WikiVidi Documentaries Maria Sharapova Maria Yuryevna Sharapova is a Russian professional tennis player. A United States resident since 1994, Sharapova has competed on the WTA tour since 2001. She has been ranked world No. 1 in singles by the WTA on five separate occasions, for a total of 21 weeks. She is one of ten women, and the only Russian, to hold the career Grand Slam. She is also an Olympic medalist, having earned silver for Russia in women’s singles at the 2012 Summer Olympics in London. Sharapova became the world No. 1 for the first time on August 22, 2005, at the age of 18, and last held the ranking for the fifth time for four weeks from June 11, 2012, to July 8, 2012. Her 35 singles titles and five Grand Slam titles—two at the French Open and one each at the Australian Open, Wimbledon, and US Open—rank third among active players, behind Serena and Venus Williams. She won the year-ending WTA Finals in her debut in 2004. She has also won three doubles titles. Despite an injury-prone career, Sharapova has achieved a rare level of longevity in the women’s game. She won at least one singles title a year from 2003 until 2015, a streak only bested by Steffi Graf, Martina Navratilova, and Chris Evert. Several tennis pundits and former players have called Sharapova one of tennis’s best competitors, with John McEnroe calling her one of the best the sport has ever seen. Sharapova has been featured in a number of modeling assignments, including a feature in the Sports Illustrated Swimsuit Issue. She appeared in many advertisements, including those for Nike, Prince, and Canon, being the face of several fashion houses, most notably Cole Haan. Since February 2007, she has been a United Nations Development Programme Goodwill Ambassador, concerned specifically with the Chernobyl Recovery and Development Programme. In June 2011, she was named one of the “30 Legends of Women’s Tennis: Past, Present and Future” by Time and in March 2012 was named one of the “100 Greatest of All Time” by Tennis Channel. According to Forbes, she has been named highest paid female athlete in the world for 11 consecutive years and earned 285 million including prize money since she turned pro in 2001. In March 2016, Sharapova revealed she had failed a drug test at the 2016 Australian Open on January 26, 2016. She had tested positive for meldonium, a substance that had been banned, effective January 1, 2016 by the World Anti-Doping Agency. On June 8, 2016, she was suspended from playing tennis for two years by the International Tennis Federation. On October 4, 2016, the suspension was reduced to 15 months, starting from the date of the failed test, as the Court of Arbitration for Sports found that she had committed “no significant fault” and that she had taken the substance “based on a doctor’s recommendation. with good faith belief that it was appropriate and compliant with the relevant rules”. She returned to the WTA tour on April 26, 2017 at the Porsche Tennis Grand Prix. Early life Maria Sharapova was born on April 19, 1987, in Nyagan, Russian SFSR. Her parents, Yuri and Yelena, are from Gomel, Belarussian SSR. Concerned about the regional effects of the 1986 Chernobyl nuclear accident, they left their homeland shortly before Maria was born. Introduction to tennis In 1989, when Sharapova was two, the family moved to Sochi, Krasnodar Krai, Russia. There her father Yuri befriended Aleksandr Kafelnikov, whose son Yevgeny would go on to win two Grand Slam singles titles and become Russia’s first world No. 1 ranked tennis player. Aleksandr gave Sharapova her first tennis racquet in 1991 when she was four, whereupon she began practicing regularly with her father at a local park. Maria took her first tennis lessons with veteran Russian coach Yuri Yutkin, who was instantly impressed when he saw her play, noting her “exceptional hand-eye coordination”. Start of professional training In 1993, at the age of six, Sharapova attended a tennis clinic in Moscow run by Martina Navratilova, who recommended professional training at the IMG Academy in Bradenton, Florida, which had previously trained players such as Andre Agassi, Monica Seles, and Anna Kournikova. With money tight, Yuri Sharapov borrowed the sum that would enable him and his daughter, neither of whom could speak English, to travel to the United States of America, which they finally did in 1994. Visa restrictions prevented Sharapova’s mother from joining them for two years. Arriving in Florida with savings of US$700, Sharapova’s father took various low-paying jobs, including dishwashing, to fund her lessons until she was old enough to be admitted to the academy. Before she entered the IMG business, she trained with Rick Macci, in the Rick Macci Tennis Academy. She then was offered a deal from IMG which forced her to change academies. Originally, she did train with Rick Macci, but after the deal with IMG, she could not see Rick Macci anymore. In 1995, she was signed by IMG, who agreed to pay the annual tuition fee of $35,000 for Sharapova to stay at the Academy, allowing her to finally enroll at the age of 9. Thank you for watching. 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WikiVidi.com Jo Durie Joanna Mary Durie is a former singles World No. 5 professional tennis player from the United Kingdom. During her career, she also reached No. 9 in the world in doubles, and won two Grand Slam titles, both in the mixed doubles with Jeremy Bates. Durie was the last British woman to reach the semi final of a grand slam until Johanna Konta reached the semi final of the 2016 Australian Open. Singles career After a successful junior career which included winning junior British titles on all three surfaces in 1976; Jo Durie turned professional in 1977, and played her first match at Wimbledon that year against the eventual champion Virginia Wade. In 1980 Durie suffered a major back injury which kept her out of the game for eight months. However, she made a successful return to the woman’s tennis circuit in 1981, reaching the 4th round of the singles at Wimbledon and the US Open and climbing to her highest singles ranking so far of 31. 1983 proved to be her most successful year as a singles player, ending the season at number 6 in the world rankings and on the prize money leader board. As an unseeded player Durie reached the semi-finals of the French Open, beating both Pam Shriver and Tracy Austin along the way. Later that year she made another Grand Slam singles semi-final appearance at the US Open, where she eventually lost to Chris Evert in straight sets. Her dramatic rise up the singles rankings that year ended with a quarterfinal at the Australian Open in December. Durie’s success as a singles player during 1983 gained her a coveted place at the 1984 WTA Tour Championship as the 5th seed. Her most successful year at Wimbledon as a singles player came in 1984 when she reached the quarter-finals, beating a 15-year-old Steffi Graf in a memorable fourth round match. It was just after Wimbledon in 1984 that she reached a career high singles ranking of World No. 5. She won two top-level WTA singles titles at Mahwah, New Jersey and Sydney, and had career wins over Steffi Graf, Zina Garrison, Pam Shriver, Hana Mandlíková, and Tracy Austin. Further back injuries in 1989 led to a remodeling of her service action. Durie made her last appearance in a WTA tour singles final at the Virginia Slims of Newport tournament in 1990. In 1991 at the age of 30, and one of the oldest singles competitors that year, she had another successful run to the 4th round of the US Open. She was ranked the No. 1 British player for most of her career. She won the British National Singles title a record seven times. She was the second British woman player after Virginia Wade to win $1 million in prize money. Doubles career Partnering her fellow British player Jeremy Bates, Durie won the mixed doubles title at Wimbledon in 1987, the first British doubles team to win the title for fifty-one years. In 1991 they became the first British doubles team ever to win the Australian Open mixed doubles title. As of 2013 both of these records still stand. As a team Bates and Durie reached an additional three mixed doubles quarter-finals at Wimbledon in 1986, 1990 and 1993. They also reached the quarter-finals of the Australian Open in 1992 as defending champions. Durie would go on to win five woman’s doubles titles from eighteen finals during her career. Her most successful year as a doubles player, aside from the Grand Slams in 1987 and 1991 was in 1983, when she reached six finals, winning three titles. Durie also reached the semi finals of the women’s doubles at the French Open and Wimbledon. By virtue of this success she gained a place at the 1984 WTA Tour Championship in doubles, and reached the final partnering Ann Kiyomura. Durie won the British National Doubles title a record nine times. Team tennis Durie was a stalwart member of the British Wightman Cup, British Federation Cup and British European Cup teams. Durie was the youngest member of the British Federation Cup team, alongside Virginia Wade and Sue Barker, which reached the team final in 1981. Durie led the British team to victory in the European Championship in Prague in 1992. Retirement Durie retired from competitive tennis at the Wimbledon Championships in 1995,, and marked it with a memorable performance. After three successive operations on her left knee, Durie went into the Championships ranked 326 in the world; yet reached the second round of the ladies singles. She beat France’s Alexia Dechaume-Balleret, ranked 85 in the world in straight sets in the first round. Her second round, and last singles match at Wimbledon was against Jana Novotná. After losing the match 6–2 6–2 Jo Durie was given a full standing ovation by the crowd on the ‘old’ No. 1 Court. Her last match at Wimbledon was appropriately a mixed doubles match on Centre Court, where she played alongside her long-standing partner Jeremy Bates. She is one of very few players to have a winning record against Steffi Graf and leads 4–3 in head-to-heads. Note, however, that all of her wins against Graf were before or during 1985, when Graf was typically a much lower-ranked player during the initial stages of her career. After retiring from the professional tour, Durie had heart surgery to rectify a problem that she had originally been prescribed Beta blockers for early in her career. She did not take the prescribed medication, as she didn’t feel well after taking them. She revealed this fact in March 2016 in interview with BBC Radio 5 Live, after the revelation that Maria Sharapova had been found taking a similar heart-issue drug, which later had been banned by the World Anti-Doping Agency. Since retirement, Durie has worked as a TV tennis commentator for both the BBC and British Eurosport. She used to coach British number one Elena Baltacha alongside her own former coach Alan Jones. She won back to back Wimbledon Ladies Senior Invitation doubles titles in 1996 and 1997. Durie currently works as an academy coach at the FC Academy in Middlesex. Thank you WikiVidi.com Please LIKE and SUBSCRIBE below. Please LIKE and SUBSCRIBE below.
WikiVidi.com Naomi Osaka is a Japanese professional tennis player. She is the reigning US Open champion in women’s singles. Osaka has a career-high Women’s Tennis Association ranking of No. 4 in the world, which she achieved in October 2018. She has won two titles and reached four finals on the WTA Tour. Osaka first came to prominence at the age of sixteen when she defeated former US Open champion Samantha Stosur at the 2014 Bank of the West Classic, which was her first time in the main draw of a WTA tournament. She reached her first WTA final two years later at the 2016 Toray Pan Pacific Open, which took her into the top 50 in the world rankings. Her breakthrough year was 2018; in March she won Indian Wells, beating former world number ones Maria Sharapova and Karolína Plíšková in the first round and quarterfinals respectively, before defeating current No. 1 Simona Halep in the semifinals. In September, she won the 2018 US Open, defeating 23-time Grand Slam champion Serena Williams in the final, and becoming the first Japanese player to win a Grand Slam singles tournament. Osaka has an aggressive playing style, with a powerful serve that can reach 125 miles per hour. Personal life and family Naomi Osaka was born in Chūō-ku, Osaka to a Haitian father, Leonard “San” François, and a Japanese mother, Tamaki Osaka. Naomi and her older sister Mari were given their mother’s maiden name for practical reasons when the family lived in Japan. Her father was born in Haiti and went to New York University before moving to Japan, where he met her mother and later married her. In racially homogeneous Japan, Osaka is considered hāfu, which is Japanese for biracial. Her Japanese grandfather was furious when he found out that her mother was romantically involved with a black man. As a result of the interracial relationship, her mother did not have contact with her family for over ten years. In a 2016 interview, Osaka said: “When I go to Japan, people are confused. From my name, they don’t expect to see a black girl.” Osaka and her sister Mari, who is also a professional tennis player, have played together in doubles. Osaka moved at the age of three with her family to the United States where she currently resides in Florida. She attended Elmont Alden Terrace Primary and Broward Virtual High School. Osaka has been described as Japanese, American, Japanese-American, American-Japanese, Haitian-Japanese, and Haitian-American-Japanese. Being raised in the United States while having a mother who is Japanese and a father who is Haitian-American contributes to Osaka’s multi-ethnic identity. Osaka has dual Japanese and American citizenship, but she is not fully fluent in Japanese. Early years Osaka practiced at Utsubo Tennis Center in Japan. USTA Billie Jean King National Tennis Center in Long Island. and Pembroke Pines’ public court in Florida. Her first tennis club was the Harold Solomon Institute, in Fort Lauderdale, Florida. In 2007, she won the “National Public Parks Girls’ 14 Doubles Championships” with her sister Mari. Although Osaka has both Japanese and American citizenship, her father chose to register her as Japanese when she began her career, aged 13. She made her debut at the 2011 ITF Women’s Circuit in a first round qualifying match in Montego Bay on 17 October 2011, the day after her fourteenth birthday. 2013–14: WTA Tour main-draw debut Osaka turned pro in September 2013. Her WTA Tour main-draw debut was at the 2014 Bank of the West Classic, after she defeated Alla Kudryavtseva and Petra Martić in qualifying. In the first round proper she met 2011 US Open champion Samantha Stosur and came from a set down to defeat the Australian in a match lasting 2 hours. 2015–16: First WTA final and top-50 ranking During the 2015 WTA Finals she won the Rising Stars Invitational exhibition tournament, defeating Caroline Garcia in the final. In her Grand Slam debut, Osaka reached the third round of the Australian Open as a qualifier by defeating Donna Vekic and 18th seed Elina Svitolina in straight sets. She lost in the third round to former champion Victoria Azarenka in straight sets. During the clay season, Osaka reached the third round of the French Open. She defeated 32nd seed and future champion Jeļena Ostapenko and Mirjana Lučić-Baroni, both in straight sets. She then lost to former finalist and sixth seed Simona Halep in three sets, despite capturing the first set. After an injury prevented her from participating in Wimbledon, Osaka reached the third round at the US Open. She came from a set down to defeat 28th seed CoCo Vandeweghe and then defeated Duan Yingying in straight sets, before falling to American Madison Keys in three sets. She had led 5–1 in the third set. [^] She started the fall Asian swing competing at the 2016 Japan Women’s Open, where she conclusively beat Anett Kontaveit in the first round, before falling to Zhang Shuai in straight sets. The next week saw Osaka’s breakthrough at the Toray Pan Pacific Open, where she was given a wildcard and went on to defeat fellow countrywoman Misaki Doi, Dominika Cibulkova, Aliaksandra Sasnovich, and Elina Svitolina to reach her first WTA final. In the final, she fell to former world No. 1 Caroline Wozniacki in straight sets. With this result, Osaka entered the top 50 of the WTA rankings. Osaka was voted the newcomer of the year at the 2016 WTA Awards. 2017: High-profile matches [^] At the Australian Open, Osaka won her first-round match against Luksika Kumkhum, before losing to Johanna Konta in straight sets. She also lost in the second round of the Dubai Tennis Championships to Christina McHale. She had multiple second-round and third-round losses at Indian Wells, the Miami Open, and the Volvo Car Open before she qualified for the Women’s Stuttgart Open and losing to Konta again in the first round. She was unsuccessful in the rest of her clay-court season. Osaka lost in the first round of the Nottingham Open, in straight sets. At the Birmingham Open she lost to Lucie Safarova in round two. She also lost to Caroline Wozniacki in straight sets at the Eastbourne International. At Wimbledon, Osaka defeated Sara Sorribes Tormo and Barbora Strýcová before losing to Venus Williams in the third round. At the US Open, she had the biggest win of her career to that point, defeating defending champion Angelique Kerber in straight sets in the first round. She then defeated Denisa Allertová in three sets before falling to six-time Grand Slam quarterfinalist Kaia Kanepi. In October, she beat Venus Williams in the second round of the Hong Kong Open before being beaten in the quarterfinal by the eventual winner, Anastasia Pavlyuchenkova. 2018: Indian Wells and US Open champion, top 4 ranking [^] Osaka entered the 2018 season ranked 68. After triumphs over Kristína Kučová and 16th seed Elena Vesnina, Osaka reached the fourth round of a grand slam for the first time when she beat Ashleigh Barty in the third round of the Australian Open. She was beaten by Simona Halep in the fourth round. Competing as a wildcard in the Dubai Tennis Championships, she defeated Kristina Mladenovic and Anett Kontaveit before losing to Elina Svitolina in the quarterfinal. In the BNP Paribas Open in Indian Wells, she beat former world No. 1 Maria Sharapova in the first round. She said afterward, “There are three people I wanted to play, Venus [Williams], [Sharapova] and Serena. Now I’m just waiting to play Serena.” She continued her good form with straight-set wins over 31st seed Agnieszka Radwańska and qualifier Sachia Vickery to advance to the fourth round, where she battled through three tough sets to overcome Maria Sakkari, thus advancing to her first Premier Mandatory tournament quarterfinal, where she upset former world No. 1 Karolína Plíšková in straight sets to advance to her first Premier Mandatory semifinal. She then beat world No. 1 Simona Halep in straight sets to advance to the biggest final of her career to date. Osaka won BNP Paribas Open by defeating Russian 20th seed Daria Kasatkina in straight sets. In March 2018, Osaka finally drew a spot against her idol, former world No. 1 Serena Williams, in the first round of the Miami Open. Osaka, ranked world No. 22, was unseeded, as was Williams, who was playing her fourth comeback match following the birth of her first child. Osaka won in straight sets. She then lost in the second round to fourth seed Elina Svitolina. By May 2018, Osaka had moved from Fort Lauderdale to Boca Raton, Florida, and was training at Evert Tennis Academy there, while playing for Japan. [^] Osaka matched her 2016 performance at the French Open, reaching the third round before losing to 13th seed Madison Keys. In the grass-court season, she reached the semifinals of the Nottingham Open, where she lost to top seed Ashleigh Barty. She was seeded 18th at Wimbledon, and matched her 2017 performance by reaching the third round where she was defeated by 11th seed and eventual champion Angelique Kerber. After a string of early losses at Washington, the Rogers Cup, and Cincinnati, Osaka saw a return to form at the US Open, defeating Laura Siegemund and Julia Glushko to match her 2016 and 2017 third-round performances. She then recorded a victory over Aliaksandra Sasnovich where she lost no games, her best ever match win. In the fourth round, she overcame 26th seed Aryna Sabalenka in three sets. In the quarterfinals, Osaka beat unseeded Lesia Tsurenko in just 58 minutes, yielding only two games. With this win, she reached her first major semifinal. In the semifinals, she defeated Madison Keys in straight sets, becoming the first Japanese woman to reach a Grand Slam final. In the final, Osaka defeated Serena Williams in straight sets to claim the 2018 US Open trophy. She became the first Japanese tennis player to win a major tennis tournament. Her victory was marred by an on-court dispute between Williams and the umpire, which led to boos from the crowd both during the match and at the award ceremony. Osaka later said that the win was “a little bit bittersweet”, and that she tried to keep from thinking about it over the following days, because “it wasn’t necessarily the happiest memory” for her. Her first tournament after the US Open was the Pan Pacific Open in Tokyo, where she had reached the final in her breakout tournament in 2016. Her good form continued as she dominated in front of an enthusiastic home crowd, reaching the final without dropping a set. In the final, Karolína Plíšková defeated Osaka in straight sets. Osaka became the third player to qualify for the 2018 WTA Finals, after Angelique Kerber and Simona Halep, with a first round victory over Zarina Diyas in the 2018 China Open in October. She beat Danielle Collins in the second round, Julia Görges in the third round, and Zhang Shuai in the quarter-final. She was then defeated by Anastasija Sevastova in the semifinals. Due to her strong performance and Elina Svitolina and Petra Kvitová’s early losses, Osaka rose to a new high ranking of World No. 4. She thus matched the record of both Kimiko Date and Kei Nishikori as the highest ranked Japanese player of all time. Fed Cup Having not previously played in Japan, Osaka was spotted in qualifying at the 2013 Toray Pan Pacific Open in Tokyo by Shinji Yoshikawa, the Japan Fed Cup team coach, who reported to the Japan Tennis Association that she had “awesome talent”. She was first selected for the Japan Fed Cup team in 2017. She had three consecutive wins in the Asia/Oceania Zone, against Khim Iglupas of the Philippines, Karman Thandi of India, and Zhang Kailin of China, as Japan won the group 3–0. In the play-offs she beat Galina Voskoboeva of Kazakhstan, but the team was not promoted. In the 2018 World Group II Play-offs, Osaka beat Heather Watson and lost to Johanna Konta of the Great Britain team, as Japan was promoted to World Group II. Hopman Cup In the 2018 Hopman Cup, Osaka played two singles matches and two doubles matches in Group B, against Switzerland and Russia, where she won only one singles match. In the doubles match with Switzerland, she served an “ace” against men’s world no. 2, Roger Federer. Playing style and equipment Osaka is an aggressive, offensive baseline player, able to hit winners off both sides. She likes to attack with her big forehand, but she can plant her feet and rip her backhand for winners as well. Her serve is consistent and very strong – up to. She plays with the Yonex Ezone 98 racquet. Management and sponsors In 2018, Osaka signed a worldwide marketing and management agreement with IMG. Osaka has been sponsored by racket manufacturer Yonex since 2008. She has been sponsored by Adidas from 2014, by noodle maker Nissin Foods and Japanese broadcaster Wowow since 2016, by Citizen Watch since 2018, and by Japanese auto maker Nissan, also since 2018. WikiVidi.com [ Visit WikiVidi.com or browse the channel ]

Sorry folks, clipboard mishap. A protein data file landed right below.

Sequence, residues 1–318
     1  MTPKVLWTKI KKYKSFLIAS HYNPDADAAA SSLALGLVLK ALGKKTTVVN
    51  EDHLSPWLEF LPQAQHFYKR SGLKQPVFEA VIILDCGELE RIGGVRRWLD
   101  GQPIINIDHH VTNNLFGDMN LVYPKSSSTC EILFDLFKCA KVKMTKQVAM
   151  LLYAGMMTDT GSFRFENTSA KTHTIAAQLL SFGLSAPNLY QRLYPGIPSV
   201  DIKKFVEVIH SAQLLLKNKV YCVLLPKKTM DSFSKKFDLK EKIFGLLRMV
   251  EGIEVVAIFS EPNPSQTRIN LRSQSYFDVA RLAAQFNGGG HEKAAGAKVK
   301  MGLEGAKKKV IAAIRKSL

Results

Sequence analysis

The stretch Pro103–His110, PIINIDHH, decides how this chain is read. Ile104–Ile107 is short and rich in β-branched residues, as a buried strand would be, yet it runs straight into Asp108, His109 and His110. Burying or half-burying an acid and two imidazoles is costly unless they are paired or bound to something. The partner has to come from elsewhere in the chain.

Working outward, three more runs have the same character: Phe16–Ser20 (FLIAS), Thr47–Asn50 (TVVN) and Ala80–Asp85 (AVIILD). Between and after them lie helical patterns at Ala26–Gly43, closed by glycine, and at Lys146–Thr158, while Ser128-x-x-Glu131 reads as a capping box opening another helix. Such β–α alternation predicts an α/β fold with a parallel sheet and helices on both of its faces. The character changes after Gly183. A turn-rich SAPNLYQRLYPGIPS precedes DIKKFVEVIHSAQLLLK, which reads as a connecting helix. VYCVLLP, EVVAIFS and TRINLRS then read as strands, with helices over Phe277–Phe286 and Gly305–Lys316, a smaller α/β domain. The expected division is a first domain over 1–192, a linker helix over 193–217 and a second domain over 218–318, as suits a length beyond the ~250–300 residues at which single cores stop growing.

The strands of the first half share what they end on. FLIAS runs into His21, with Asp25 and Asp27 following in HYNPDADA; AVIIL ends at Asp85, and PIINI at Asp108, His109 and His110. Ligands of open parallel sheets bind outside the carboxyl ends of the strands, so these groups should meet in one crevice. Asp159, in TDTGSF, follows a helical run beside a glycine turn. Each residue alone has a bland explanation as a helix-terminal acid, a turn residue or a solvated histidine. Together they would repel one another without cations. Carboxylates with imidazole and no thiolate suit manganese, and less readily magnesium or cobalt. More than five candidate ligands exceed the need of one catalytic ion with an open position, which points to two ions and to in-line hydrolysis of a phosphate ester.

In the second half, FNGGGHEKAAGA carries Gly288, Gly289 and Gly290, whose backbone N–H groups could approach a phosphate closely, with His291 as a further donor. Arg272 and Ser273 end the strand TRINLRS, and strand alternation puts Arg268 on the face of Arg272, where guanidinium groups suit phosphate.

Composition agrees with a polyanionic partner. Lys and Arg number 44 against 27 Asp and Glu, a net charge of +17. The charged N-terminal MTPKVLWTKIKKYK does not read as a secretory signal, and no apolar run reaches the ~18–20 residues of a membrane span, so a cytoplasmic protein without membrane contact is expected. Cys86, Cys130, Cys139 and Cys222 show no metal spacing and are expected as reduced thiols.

WikiVidi.com Christina McHale Christina McHale is an American professional tennis player. Her highest-ever Women’s Tennis Association rankings are No. 24 in singles and No. 60 in doubles. Known for an aggressive baseline game, McHale has been recgonized by The New York Times for her “booming” groundstrokes and fast footwork. She has reached the third round of all four Grand Slam tournaments, and has represented the United States in Fed Cup and Olympic competitions. In September 2016, McHale won her first WTA title at the Japan Women’s Open. Early life Christina McHale was born in Teaneck, New Jersey. She is the daughter of John and Margarita McHale. Her father John is an Irish American, while her mother Margarita was born in Cuba. Her family lived in Hong Kong from the time she was three until she was eight, and she speaks a degree of Mandarin Chinese, along with fluent Spanish. In 2000, the McHale family moved back to the United States and bought a home in Englewood Cliffs, New Jersey. In June 2006, she graduated from Upper School of the Englewood Cliffs Public Schools as the eighth-grade valedictorian. At the age of 15, she left home to train at the USTA Training Center headquarters in Boca Raton, Florida. She has been homeschooled through Kaplan Online High School since age 15. Her sister Lauren is a junior at UNC-Chapel Hill, where she plays tennis for the Tar Heels. 2009 McHale was granted a wildcard into the main draw of the 2009 Australian Open, where she lost a three-set match in the first round to Jessica Moore. She also joined the US Fed Cup team and competed against France. She received a wildcard into the main draw of the 2009 US Open, where she won her first career Grand Slam match by defeating Polona Hercog in straight sets. However, she lost to Maria Sharapova in the second round. 2010 In Boca Raton, Florida, McHale beat Asia Muhammad in qualifying. Soon afterwards, she earned a qualifying victory over Beatrice Capra for the 2010 French Open. She lost in the first round to Varvara Lepchenko. At the 2010 Western & Southern Financial Group Masters and Women’s Open, McHale defeated Nadia Petrova in the first round and Ayumi Morita in the second. She then lost in the third round to the eventual winner and former world no. 1 Kim Clijsters. 2011 In June, she gained her first ITF singles title, winning a $50,000 event in Italy. At the 2011 Wimbledon Championships, McHale won her second Grand Slam match by defeating 28th seed Ekaterina Makarova in three sets. She lost in the second round to Tamira Paszek of Austria. In the second round of the Western & Southern Open, McHale beat then-world no. 1 Caroline Wozniacki in straight sets. In the first round of the US Open, she earned a three-set victory over Aleksandra Wozniak. She went on to beat eighth seed Marion Bartoli in straight sets. McHale exited after a third-round loss to 25th seeded Maria Kirilenko. 2012 McHale kicked off her season with a straight sets win over Alexandra Dulgheru at the 2012 ASB Classic in Auckland. She lost to Svetlana Kuznetsova in the second round. At the 2012 Australian Open, she beat Lucie Safarová in the first round and Marina Erakovic in the second, only to be defeated in the third round by Jelena Jankovic. She won both of her Fed Cup matches against Belarus in February, beating Anastasiya Yakimova and Darya Kustova. McHale then traveled to Doha, where she recorded wins over Chanelle Scheepers, Peng Shuai, and Shahar Pe’er, before falling to Agnieszka Radwańska in the quarterfinals of the 2012 Qatar Total Open. McHale opened March with wins over Elena Vesnina and Petra Kvitová after receiving a bye in the opening round, before losing to Angelique Kerber in the 4th Round of the 2012 BNP Paribas Open. McHale wrapped up March with a win over Galina Voskoboeva, before going out to Petra Cetkovská in the 2nd Round of the 2012 Sony Ericsson Open. McHale started the clay court season in Charleston at the 2012 Family Circle Cup, where she lost in the first round to Aleksandra Wozniak. She was then selected for the Fed Cup World Group Playoff Tie in Kharkiv, Ukraine. McHale played the opening rubber against Lesia Tsurenko, and prevailed in three sets. In the 2012 French Open, McHale defeated Kiki Bertens and fellow American Lauren Davis in the first two rounds before falling to defending champion Li Na in the 3rd round. McHale advanced to the third round for the fourth consecutive grand slam event in the 2012 Wimbledon Championships. She advanced over Johanna Konta and Mathilde Johansson, but was defeated by 8th seeded Angelique Kerber in the third round. McHale then participated at the Olympic tennis tournament in London where she was defeated in the first round by Ana Ivanovic. In New York at the 2012 US Open, McHale was defeated in the first round by Kiki Bertens. McHale then competed in the China Open in Beijing, but she was defeated in the first round by Ana Ivanovic once again. 2013 McHale started her 2013 season in Auckland, New Zealand at the 2013 ASB Classic, but lost to Pauline Parmentier in the opening round. McHale’s slump continued into the 2013 Australian Open, falling to Yulia Putintseva in the first round. McHale then recorded her first win of the year in Paris at the 2013 Open GDF Suez, defeating Pauline Parmentier in the first round. She subsequently lost to Marion Bartoli in the second round. McHale’s next tournament was the 2013 Qatar Total Open in Doha, Qatar, where she defeated Vera Dushevina in the opening round. Following that, she went on to defeat Lucie Šafárová in the second round before falling to Victoria Azarenka in the third round. The following week, McHale continued in the middle east swing by partaking in the qualifying event for the 2013 Dubai Duty Free Tennis Championships, in which she defeated Kai-Chen Chang before falling to Kurumi Nara. She continued her 2013 campaign at the WTA Premier Mandatory 2013 BNP Parbias Open in Indian Wells, California, opening with a victory against Tsvetana Pironkova. She subsequently lost to Maria Kirilenko in the next round. McHale started her European clay swing at the 2013 Mutua Madrid Open in Madrid Spain. She was the second seed in the qualifying event in which she advanced through to the main draw with victories over Andrea Hlavácková and Mathilde Johansson. In the main draw, McHale opened with a win against Peng Shuai, before falling to Maria Sharapova in the second round. In Rome, McHale defeated Karin Knapp in the first round, before losing to seventh seed Sara Errani in the second. The match against Errani was the third time in as many meetings in which the match was decided in the third set. Her French Open campaign ended in a first round defeat, whilst Wimbledon saw an improvement, where she reached the second round and was defeated by the 15th seed and eventual champion, Marion Bartoli of France. At the US Open, McHale reached the third round, where she faced Serbian nemesis Ana Ivanovic. After winning the first set, she served for the match at 5–4 up in the second set, but was broken, and ultimately lost the match in three sets. Despite the loss, she earned praise for her fighting performance against the former world number one. Thank you WikiVidi.com Please LIKE and SUBSCRIBE below. Please LIKE and SUBSCRIBE below.